Also a repeat. It’s just so perfect as we move into the colder weather and the holiday season where we tend to eat richer foods and sometimes more food than our bodies are used to. These miraculous herbs offer us the gift of a very under-used and under-appreciated taste. Bitter is the flavor that is suggested in Chinese medicine when the weather is turning colder at the end of autumn. “Bitter challenges the body, alerting it through taste that a complex food is being ingested,” says the Urban Moonshine website. When the bitter flavor hits the tongue, it signals the body to produce bile and enzymes for digestion.
Calm Belly Calm Mind Glycerite
That’s my little guy in a catnip jungle. My catnip got so out of control this summer, it squished half of my sage on one side and some of my chamomile on the other. Sheesh, catnip, calm down! Ha ha, my dad would love that joke. Get it? (Read below if you need more info to get my unintended and amazing humor).
This is a blend that my friend Lia (who’s also a b. tree member!) and I created with a group of homeschool kids during a healing herbs class. We love how the flavors blended so beautifully. Lemon balm is a wonderful nervine, meaning that it nourishes the nervous system, helping reduce stress and anxiety and providing a sense of well-being. The catnip and chamomile both have the dual properties of calming the mind and promoting sleep, as well as soothing the lining of the digestive tract. Ginger and fennel are both excellent after dinner digestive aids. They help with gas pains, indigestion, over-full stomachs, acid reflux, and nausea.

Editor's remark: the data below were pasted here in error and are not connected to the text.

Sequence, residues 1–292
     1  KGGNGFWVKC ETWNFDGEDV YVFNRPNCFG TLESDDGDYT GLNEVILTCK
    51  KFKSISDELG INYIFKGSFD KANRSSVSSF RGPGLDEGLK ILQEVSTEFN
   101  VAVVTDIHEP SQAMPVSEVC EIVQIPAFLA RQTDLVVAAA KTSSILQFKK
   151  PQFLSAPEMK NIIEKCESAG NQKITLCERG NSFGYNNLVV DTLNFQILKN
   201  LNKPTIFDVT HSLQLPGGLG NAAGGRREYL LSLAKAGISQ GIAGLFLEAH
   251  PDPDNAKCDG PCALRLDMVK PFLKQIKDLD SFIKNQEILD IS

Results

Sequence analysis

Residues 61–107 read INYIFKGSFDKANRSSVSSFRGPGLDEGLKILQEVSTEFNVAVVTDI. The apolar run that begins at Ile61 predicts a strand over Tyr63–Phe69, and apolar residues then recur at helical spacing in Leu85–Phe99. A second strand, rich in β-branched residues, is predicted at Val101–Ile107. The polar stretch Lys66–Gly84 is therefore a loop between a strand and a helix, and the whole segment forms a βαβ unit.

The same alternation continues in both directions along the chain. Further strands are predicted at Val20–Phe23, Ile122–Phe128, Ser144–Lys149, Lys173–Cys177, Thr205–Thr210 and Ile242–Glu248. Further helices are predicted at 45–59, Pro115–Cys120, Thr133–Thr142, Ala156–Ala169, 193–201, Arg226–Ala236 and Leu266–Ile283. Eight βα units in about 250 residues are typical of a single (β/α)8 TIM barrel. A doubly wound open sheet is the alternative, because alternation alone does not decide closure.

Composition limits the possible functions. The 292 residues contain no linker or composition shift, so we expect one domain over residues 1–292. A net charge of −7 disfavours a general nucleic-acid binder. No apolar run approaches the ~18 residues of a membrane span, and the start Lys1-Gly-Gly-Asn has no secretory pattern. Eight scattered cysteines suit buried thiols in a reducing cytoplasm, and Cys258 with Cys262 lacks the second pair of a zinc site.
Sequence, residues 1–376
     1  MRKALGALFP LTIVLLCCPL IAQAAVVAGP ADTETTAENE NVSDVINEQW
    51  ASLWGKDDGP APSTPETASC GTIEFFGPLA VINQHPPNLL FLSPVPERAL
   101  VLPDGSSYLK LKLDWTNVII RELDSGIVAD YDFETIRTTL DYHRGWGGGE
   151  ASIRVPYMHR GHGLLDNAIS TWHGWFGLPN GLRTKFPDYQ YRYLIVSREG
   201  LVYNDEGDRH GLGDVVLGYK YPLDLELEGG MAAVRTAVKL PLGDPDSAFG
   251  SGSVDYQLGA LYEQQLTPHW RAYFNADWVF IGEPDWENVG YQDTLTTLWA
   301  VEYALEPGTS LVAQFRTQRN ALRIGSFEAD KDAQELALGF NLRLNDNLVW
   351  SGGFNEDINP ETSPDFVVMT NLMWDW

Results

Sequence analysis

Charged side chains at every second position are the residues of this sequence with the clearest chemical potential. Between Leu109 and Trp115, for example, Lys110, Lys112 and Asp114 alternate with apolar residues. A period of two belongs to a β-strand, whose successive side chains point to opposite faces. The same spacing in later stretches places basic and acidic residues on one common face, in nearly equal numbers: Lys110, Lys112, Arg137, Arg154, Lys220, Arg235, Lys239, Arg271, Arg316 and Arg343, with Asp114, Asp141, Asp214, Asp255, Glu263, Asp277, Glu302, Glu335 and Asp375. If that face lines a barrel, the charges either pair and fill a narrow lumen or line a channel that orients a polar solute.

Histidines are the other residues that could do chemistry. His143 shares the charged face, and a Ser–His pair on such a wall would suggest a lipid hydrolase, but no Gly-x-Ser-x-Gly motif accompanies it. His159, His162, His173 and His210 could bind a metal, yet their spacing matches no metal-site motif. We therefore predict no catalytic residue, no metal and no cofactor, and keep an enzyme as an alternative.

Rose Violet Glycerite
Whoa, you can pretend to be a tiny ant in this picture, crawling through the massive violet flower forest. Be sure to check them out when they pop up next spring. They are delicious in salads, beautiful to make lemonade with, and so good at moving out the wintertime sludge from our systems.
Roses and violets are also good friends to have around in times of sadness and heartache. They are both uplifting nervines, soothing the emotional body like a big hug. Violet is also known as “heart’s ease” because of its strong affinity for lifting a person out of sadness. And of course roses have long been associated with love and beauty. The incredible thing about these delicate flowers is that they also have strong medicine to combat serious illness. Violets have been used for all kinds of bronchial infections as well as sore throats and lymph blockages. Roses are antiviral, antibacterial, and astringent, making them great medicine for colds, flus and infections. I continue to be amazed and grateful for how much these unassuming flowers offer to us humans.